Authentic Mexican Huitlacoche Tacos

side view close up of folded taco in hand with red nails. in the background is blurry images of cilantro, lime and colourful bowls of guacamole and queso

The best smut you've ever had. 

By Erin Henderson

For the last few weeks, I’ve been taking a Mexican cooking course. I’m just about wrapped up, and I’ll miss it when it’s over. Like all the cooking courses I’ve taken, I’ve learned remarkable and fabulous things.

One of those things is huitlacoche.

Huitlacoche growing on the corn cob. Image c/of
Fresh huitlacoche growing on the cob. Image c/o

Huitlacoche (pronounced WHEET-lah-CO-CHAY), is considered undesirable here (we’ve christened it the uncharitable, and misleading, term, “corn smut”), but it’s a delicacy in Mexico (where it’s more enthusiastically coined, “corn truffle.”) You can find it everywhere in Mexico, from the food stands of Mexico City, to posh, Michelin starred restaurants.

You may also like: My Family's Favourtie Antojitos 

Huitlacoche is a fungus that feeds off immature corn kernels, resulting in blue-grey bulbous formations. In Canada, farmers throw it away, but as mentioned, these spores are treasured in Mexico. In Canada, you can buy huitlacoche in cans and jars, typically already in a sauce of sorts, in Latin supermarkets and, naturally, online.

jar of huitlacoche

The taste is magnificent: smoky, earthy, and rich. I use it as vegetarian filling for tacos – vegan if you skip the queso. But don’t limit yourself – like any ingredient, you can use it a million ways, as a sauce for a stew, the base of a soup, my sister tops her scrambled eggs with it.

overhead view two open tacos on a white plate beside cilantro, lime and colourful bowls of guacamole and queso


This makes a good amount of filling, but it will last several days in the fridge. 

Moritas are dried jalapeños, easily found online or at Latin supermarkets. They’re mildly spicy but with an intense smoky note that borders on sweet.

Makes: About 1 litre
Chef level: Easy

  • Pork lard (preferably) or vegetable oil
  • 230g brown mushrooms, sliced
  • 1 onion, diced
  • 2 garlic cloves, minced
  • 1 morita chili (alternatively: 1 Tbsp chipotle in adobo)
  • 150 g huilacoche
  • Salt and pepper
How to Make It:
  1. Melt the pork lard in a large, deep saute pan over medium heat.
  2. Add the dried chili and allow to cook for a minute (it may crackle) to infuse the fat. (If using chipotle wait and add it along with the huitlacoche)
  3. Add the mushrooms, onions, and garlic and gently cook for about 15 minutes until they’re quite soft.
  4. Add the huitlacoche, and cook for another 10 minutes or so over low heat.
  5. Remove the dried morita.
  6. Add to fresh corn tortillas with toppings of choice.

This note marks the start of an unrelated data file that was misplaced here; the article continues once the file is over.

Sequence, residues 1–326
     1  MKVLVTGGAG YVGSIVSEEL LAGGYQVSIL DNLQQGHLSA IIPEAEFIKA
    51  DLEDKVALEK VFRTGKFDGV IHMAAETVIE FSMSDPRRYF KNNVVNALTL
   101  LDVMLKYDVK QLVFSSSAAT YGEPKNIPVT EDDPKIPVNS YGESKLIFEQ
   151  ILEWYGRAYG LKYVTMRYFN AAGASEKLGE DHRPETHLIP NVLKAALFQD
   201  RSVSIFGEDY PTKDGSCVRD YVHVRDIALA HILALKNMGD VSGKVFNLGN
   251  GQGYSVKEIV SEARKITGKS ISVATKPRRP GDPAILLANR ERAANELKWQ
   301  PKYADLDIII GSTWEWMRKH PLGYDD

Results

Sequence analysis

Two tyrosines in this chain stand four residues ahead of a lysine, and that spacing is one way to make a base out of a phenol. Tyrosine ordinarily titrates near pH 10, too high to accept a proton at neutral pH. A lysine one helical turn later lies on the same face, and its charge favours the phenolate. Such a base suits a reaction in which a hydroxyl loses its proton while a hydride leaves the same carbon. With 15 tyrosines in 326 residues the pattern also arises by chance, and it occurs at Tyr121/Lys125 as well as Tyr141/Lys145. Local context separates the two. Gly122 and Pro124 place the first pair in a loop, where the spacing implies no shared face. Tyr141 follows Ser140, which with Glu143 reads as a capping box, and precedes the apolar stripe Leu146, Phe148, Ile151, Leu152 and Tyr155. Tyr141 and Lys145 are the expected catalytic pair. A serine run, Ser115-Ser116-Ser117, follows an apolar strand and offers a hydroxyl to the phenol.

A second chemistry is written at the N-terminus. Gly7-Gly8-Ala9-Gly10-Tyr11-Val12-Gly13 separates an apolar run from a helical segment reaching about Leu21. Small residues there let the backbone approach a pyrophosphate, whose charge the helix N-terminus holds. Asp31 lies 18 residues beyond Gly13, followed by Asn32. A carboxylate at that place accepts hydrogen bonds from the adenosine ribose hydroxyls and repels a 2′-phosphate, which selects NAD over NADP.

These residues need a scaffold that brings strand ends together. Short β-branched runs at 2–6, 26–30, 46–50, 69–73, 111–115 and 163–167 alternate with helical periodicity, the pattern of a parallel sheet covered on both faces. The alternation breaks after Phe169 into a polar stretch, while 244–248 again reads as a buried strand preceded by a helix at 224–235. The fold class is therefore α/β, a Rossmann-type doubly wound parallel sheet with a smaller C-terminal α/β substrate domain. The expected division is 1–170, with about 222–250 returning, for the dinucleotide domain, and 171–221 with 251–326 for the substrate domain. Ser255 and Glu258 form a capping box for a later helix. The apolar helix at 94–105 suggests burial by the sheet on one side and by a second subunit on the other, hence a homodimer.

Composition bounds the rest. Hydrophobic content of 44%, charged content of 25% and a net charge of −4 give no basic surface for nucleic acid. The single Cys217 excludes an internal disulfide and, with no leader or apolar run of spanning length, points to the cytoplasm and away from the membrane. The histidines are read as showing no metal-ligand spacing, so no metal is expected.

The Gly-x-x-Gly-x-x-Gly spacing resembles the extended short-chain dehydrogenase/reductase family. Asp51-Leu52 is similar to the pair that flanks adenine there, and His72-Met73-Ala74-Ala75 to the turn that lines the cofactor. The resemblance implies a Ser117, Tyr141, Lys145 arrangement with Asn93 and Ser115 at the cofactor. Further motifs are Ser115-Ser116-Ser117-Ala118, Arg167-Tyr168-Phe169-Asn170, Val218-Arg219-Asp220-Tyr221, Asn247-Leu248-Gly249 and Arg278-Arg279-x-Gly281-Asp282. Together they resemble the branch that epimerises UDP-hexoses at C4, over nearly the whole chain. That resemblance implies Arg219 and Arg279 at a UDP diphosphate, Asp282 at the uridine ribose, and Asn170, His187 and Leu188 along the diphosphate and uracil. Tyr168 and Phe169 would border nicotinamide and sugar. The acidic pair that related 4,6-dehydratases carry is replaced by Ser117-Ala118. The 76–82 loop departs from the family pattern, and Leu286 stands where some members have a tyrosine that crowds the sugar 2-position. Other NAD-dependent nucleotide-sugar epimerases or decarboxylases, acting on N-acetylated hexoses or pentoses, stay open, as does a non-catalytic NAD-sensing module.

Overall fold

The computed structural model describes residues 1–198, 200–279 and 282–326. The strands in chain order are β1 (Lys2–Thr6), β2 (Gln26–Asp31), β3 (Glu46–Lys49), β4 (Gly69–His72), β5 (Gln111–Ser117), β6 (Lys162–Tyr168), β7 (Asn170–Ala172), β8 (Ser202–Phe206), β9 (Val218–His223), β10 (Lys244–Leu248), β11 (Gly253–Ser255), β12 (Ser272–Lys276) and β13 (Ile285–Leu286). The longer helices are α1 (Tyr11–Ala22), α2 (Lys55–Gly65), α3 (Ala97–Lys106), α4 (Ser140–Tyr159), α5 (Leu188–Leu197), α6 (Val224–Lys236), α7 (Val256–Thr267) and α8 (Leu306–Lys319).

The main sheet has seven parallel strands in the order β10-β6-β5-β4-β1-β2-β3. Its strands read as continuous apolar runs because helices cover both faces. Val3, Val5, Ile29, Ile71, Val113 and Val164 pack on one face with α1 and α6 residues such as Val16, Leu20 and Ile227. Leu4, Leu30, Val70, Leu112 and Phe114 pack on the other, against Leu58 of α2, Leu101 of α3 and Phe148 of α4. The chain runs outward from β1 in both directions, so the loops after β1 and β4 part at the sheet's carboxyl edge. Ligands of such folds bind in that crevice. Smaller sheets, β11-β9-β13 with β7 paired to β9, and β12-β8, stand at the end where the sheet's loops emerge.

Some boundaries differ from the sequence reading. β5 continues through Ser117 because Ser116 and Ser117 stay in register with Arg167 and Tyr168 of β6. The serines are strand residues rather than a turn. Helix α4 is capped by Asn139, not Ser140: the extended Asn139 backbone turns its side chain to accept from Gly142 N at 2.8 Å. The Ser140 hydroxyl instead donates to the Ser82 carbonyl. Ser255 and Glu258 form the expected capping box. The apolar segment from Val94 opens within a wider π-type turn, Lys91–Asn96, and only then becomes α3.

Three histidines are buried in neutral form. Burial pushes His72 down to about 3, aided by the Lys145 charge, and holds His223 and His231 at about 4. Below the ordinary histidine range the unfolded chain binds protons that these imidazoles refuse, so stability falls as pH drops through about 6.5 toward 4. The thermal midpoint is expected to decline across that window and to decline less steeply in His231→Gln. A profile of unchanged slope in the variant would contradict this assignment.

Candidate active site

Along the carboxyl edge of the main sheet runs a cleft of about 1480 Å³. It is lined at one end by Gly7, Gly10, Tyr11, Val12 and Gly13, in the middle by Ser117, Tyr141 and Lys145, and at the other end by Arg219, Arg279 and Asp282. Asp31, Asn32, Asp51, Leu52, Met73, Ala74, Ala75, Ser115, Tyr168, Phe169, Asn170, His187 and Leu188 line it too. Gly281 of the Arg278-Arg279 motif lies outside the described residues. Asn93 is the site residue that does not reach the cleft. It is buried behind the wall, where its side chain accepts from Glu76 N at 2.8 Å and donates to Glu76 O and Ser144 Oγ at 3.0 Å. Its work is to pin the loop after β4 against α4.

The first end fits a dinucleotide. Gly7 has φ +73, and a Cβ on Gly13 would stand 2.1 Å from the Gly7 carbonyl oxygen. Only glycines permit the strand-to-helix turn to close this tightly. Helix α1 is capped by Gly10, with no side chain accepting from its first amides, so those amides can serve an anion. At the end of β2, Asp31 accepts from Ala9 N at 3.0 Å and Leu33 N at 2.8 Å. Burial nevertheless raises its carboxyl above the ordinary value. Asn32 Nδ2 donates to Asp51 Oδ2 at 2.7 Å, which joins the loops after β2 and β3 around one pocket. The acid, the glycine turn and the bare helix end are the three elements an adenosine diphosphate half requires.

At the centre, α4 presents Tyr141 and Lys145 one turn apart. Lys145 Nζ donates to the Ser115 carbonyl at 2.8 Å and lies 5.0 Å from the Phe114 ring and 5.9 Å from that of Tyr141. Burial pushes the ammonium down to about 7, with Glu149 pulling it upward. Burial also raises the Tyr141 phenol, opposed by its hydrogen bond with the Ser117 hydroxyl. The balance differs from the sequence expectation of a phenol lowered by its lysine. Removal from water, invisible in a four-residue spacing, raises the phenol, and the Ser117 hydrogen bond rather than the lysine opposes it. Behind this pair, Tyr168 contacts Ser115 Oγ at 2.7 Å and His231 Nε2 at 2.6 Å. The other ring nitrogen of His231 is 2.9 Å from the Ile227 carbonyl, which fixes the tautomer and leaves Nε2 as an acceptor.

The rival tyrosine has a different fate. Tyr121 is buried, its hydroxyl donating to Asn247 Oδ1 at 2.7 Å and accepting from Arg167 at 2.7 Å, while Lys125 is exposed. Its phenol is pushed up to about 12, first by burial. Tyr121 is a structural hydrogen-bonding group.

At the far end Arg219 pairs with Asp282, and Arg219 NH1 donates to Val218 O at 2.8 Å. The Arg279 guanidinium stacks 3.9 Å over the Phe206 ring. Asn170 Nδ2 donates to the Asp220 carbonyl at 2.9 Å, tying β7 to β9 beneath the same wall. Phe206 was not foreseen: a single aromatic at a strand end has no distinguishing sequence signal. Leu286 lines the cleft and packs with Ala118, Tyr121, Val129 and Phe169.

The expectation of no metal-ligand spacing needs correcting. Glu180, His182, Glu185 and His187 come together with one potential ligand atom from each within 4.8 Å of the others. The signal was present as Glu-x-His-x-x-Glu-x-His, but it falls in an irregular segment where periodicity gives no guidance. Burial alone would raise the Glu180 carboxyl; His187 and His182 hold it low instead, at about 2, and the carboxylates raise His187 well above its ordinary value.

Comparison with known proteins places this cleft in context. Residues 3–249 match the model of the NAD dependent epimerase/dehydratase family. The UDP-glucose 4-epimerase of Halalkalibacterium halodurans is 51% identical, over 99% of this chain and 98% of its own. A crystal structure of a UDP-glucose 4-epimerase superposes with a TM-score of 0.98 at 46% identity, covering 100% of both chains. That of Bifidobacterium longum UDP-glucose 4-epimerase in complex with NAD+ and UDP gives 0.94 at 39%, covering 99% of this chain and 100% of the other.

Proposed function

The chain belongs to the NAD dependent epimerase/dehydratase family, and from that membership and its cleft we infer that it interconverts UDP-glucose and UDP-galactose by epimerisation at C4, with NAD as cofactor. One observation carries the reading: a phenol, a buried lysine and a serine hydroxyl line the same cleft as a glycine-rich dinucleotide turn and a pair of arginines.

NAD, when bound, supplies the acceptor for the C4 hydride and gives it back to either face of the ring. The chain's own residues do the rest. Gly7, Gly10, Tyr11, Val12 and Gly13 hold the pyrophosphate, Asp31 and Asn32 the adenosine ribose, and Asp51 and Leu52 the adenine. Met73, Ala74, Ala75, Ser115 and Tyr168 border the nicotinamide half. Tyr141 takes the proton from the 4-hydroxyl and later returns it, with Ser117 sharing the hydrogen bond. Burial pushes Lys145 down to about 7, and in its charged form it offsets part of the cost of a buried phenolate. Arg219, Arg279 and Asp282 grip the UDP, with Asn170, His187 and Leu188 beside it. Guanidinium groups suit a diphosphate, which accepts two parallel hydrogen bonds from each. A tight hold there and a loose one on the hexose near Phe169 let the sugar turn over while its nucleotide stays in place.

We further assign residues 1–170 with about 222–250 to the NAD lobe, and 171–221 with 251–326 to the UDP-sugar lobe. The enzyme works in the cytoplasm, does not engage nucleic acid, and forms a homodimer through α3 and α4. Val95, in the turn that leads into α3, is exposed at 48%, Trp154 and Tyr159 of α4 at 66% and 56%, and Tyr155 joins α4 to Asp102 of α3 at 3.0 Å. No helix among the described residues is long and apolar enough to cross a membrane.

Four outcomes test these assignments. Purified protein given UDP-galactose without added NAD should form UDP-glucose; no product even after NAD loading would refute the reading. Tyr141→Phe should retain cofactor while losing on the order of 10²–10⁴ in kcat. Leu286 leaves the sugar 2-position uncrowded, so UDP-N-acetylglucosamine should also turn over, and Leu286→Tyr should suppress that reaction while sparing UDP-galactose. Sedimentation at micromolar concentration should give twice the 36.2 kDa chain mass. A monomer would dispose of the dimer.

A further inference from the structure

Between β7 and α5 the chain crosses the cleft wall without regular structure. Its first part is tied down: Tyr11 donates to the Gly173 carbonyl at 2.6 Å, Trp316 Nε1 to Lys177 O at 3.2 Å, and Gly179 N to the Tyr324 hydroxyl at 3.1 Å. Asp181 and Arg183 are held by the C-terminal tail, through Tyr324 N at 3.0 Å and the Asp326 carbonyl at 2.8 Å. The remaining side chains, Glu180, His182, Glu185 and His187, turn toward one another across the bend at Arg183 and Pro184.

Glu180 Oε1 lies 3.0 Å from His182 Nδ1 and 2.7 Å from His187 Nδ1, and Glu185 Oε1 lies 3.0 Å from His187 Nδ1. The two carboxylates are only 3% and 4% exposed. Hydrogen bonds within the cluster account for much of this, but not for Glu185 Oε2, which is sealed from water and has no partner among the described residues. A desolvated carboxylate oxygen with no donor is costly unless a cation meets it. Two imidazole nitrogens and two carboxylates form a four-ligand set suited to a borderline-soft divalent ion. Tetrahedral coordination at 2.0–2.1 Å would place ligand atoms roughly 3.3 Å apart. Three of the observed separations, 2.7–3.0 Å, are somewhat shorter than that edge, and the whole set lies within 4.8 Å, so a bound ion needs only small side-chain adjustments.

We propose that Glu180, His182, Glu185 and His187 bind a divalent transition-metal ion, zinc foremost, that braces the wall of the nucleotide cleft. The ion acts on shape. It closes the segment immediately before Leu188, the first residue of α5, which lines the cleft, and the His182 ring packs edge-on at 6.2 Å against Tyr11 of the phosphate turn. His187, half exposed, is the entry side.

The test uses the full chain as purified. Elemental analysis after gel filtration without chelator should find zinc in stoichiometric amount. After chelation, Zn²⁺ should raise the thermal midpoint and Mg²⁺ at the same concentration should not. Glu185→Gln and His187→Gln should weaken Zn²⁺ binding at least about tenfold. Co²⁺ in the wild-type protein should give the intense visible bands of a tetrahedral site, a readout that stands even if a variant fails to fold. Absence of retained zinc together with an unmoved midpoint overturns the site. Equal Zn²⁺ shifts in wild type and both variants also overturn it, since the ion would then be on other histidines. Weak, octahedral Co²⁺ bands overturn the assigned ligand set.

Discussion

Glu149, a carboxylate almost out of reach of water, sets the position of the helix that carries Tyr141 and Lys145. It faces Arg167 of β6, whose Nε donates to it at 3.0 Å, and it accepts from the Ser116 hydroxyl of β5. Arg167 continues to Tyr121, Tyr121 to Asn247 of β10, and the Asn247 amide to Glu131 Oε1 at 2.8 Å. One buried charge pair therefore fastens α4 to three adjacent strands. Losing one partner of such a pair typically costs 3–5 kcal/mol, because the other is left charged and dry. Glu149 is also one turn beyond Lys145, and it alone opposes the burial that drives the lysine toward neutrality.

Wine Pairing: 

Huitlacoche has a smoky, earthy, truffle-ish note, which on its own is beautiful with fruity reds like Barbera d'Alba or Dolcetto. 

However, you rarely just eat the filling without anything else. As mentioned, I use it in tacos where it's layered with refried beans, and topped with morita salsa, fresh cilantro, guacamole and queso. 

When these other flavours come into play, I like a fruity and crisp dry rosé to both compliment the earthy notes of the taco, and use the wine's fresh acidity to brighten the dish – similar to how a squirt of lime adds brightness to food. 

Corn Tortillas

Yes, you can buy corn tortillas, but once you see how easy these are to make, and how delicious they are fresh, you will never go back.

This recipe will make about 18-20 six-inch tortillas, and left over torts keep in a plastic bag in the fridge for a few days. The dough lasts about a week rolled into a ball in a plastic bag in the fridge, so you don’t need to use it all at once.

I made the small investment of buying a cast iron tortilla press (about $40), but you can also use the bottom of a pot to press them, as well.

Makes: About one soft-ball sized dough, or 20 six-inch tortillas
Chef level: moderate

  • 2 cups maseca corn masa flour
  • 2 cups warm water
  • ¼ cup vegetable oil
How to Make it:
  1. In a wide, shallow mixing bowl, add maseca and vegetable oil.
  2. In small, half-cup portions, add a little water to the flour. Using your hands, begin mixing. Like any dough, this will start off shaggy and eventually come together.
  3. Keep adding water, a little at a time, until the dough comes together and is the texture of very soft playdough. It will stop sticking to your hands once the right hydration is achieved. To test the moisture, roll a golf ball-sized sphere in your hands, and gently flatten between your palms into a thick pancake that’s about two inches in diameter. The edges should be intact. If the edges are cracked, add a splash more water and keep working the dough until the right moisture level is achieved.
  4. Once the dough is hydrated, tear off a piece of dough, rolling in your hands into a golf-ball sized round. Gently flatten between your palms into a thick pancake that’s two inches in diameter.
  5. Place a piece of plastic over the tortilla press so the dough doesn’t stick to the cast iron (I use a bread bag), and place the pancake on the plastic. Fold the plastic over the top of the pancake, and close the press, gently pressing down. Carefully peel the tortilla off the plastic, flip over, and gently press again. Set aside on a parchment paper lined tray.
  6. Heat a griddle or cast-iron pan over med-low heat, and carefully lay the tortilla in the pan allowing to cook for a few minutes (it will bubble a little), and then flip over to finish cooking.
  7. Store in a tin foil envelope while you finish the rest.

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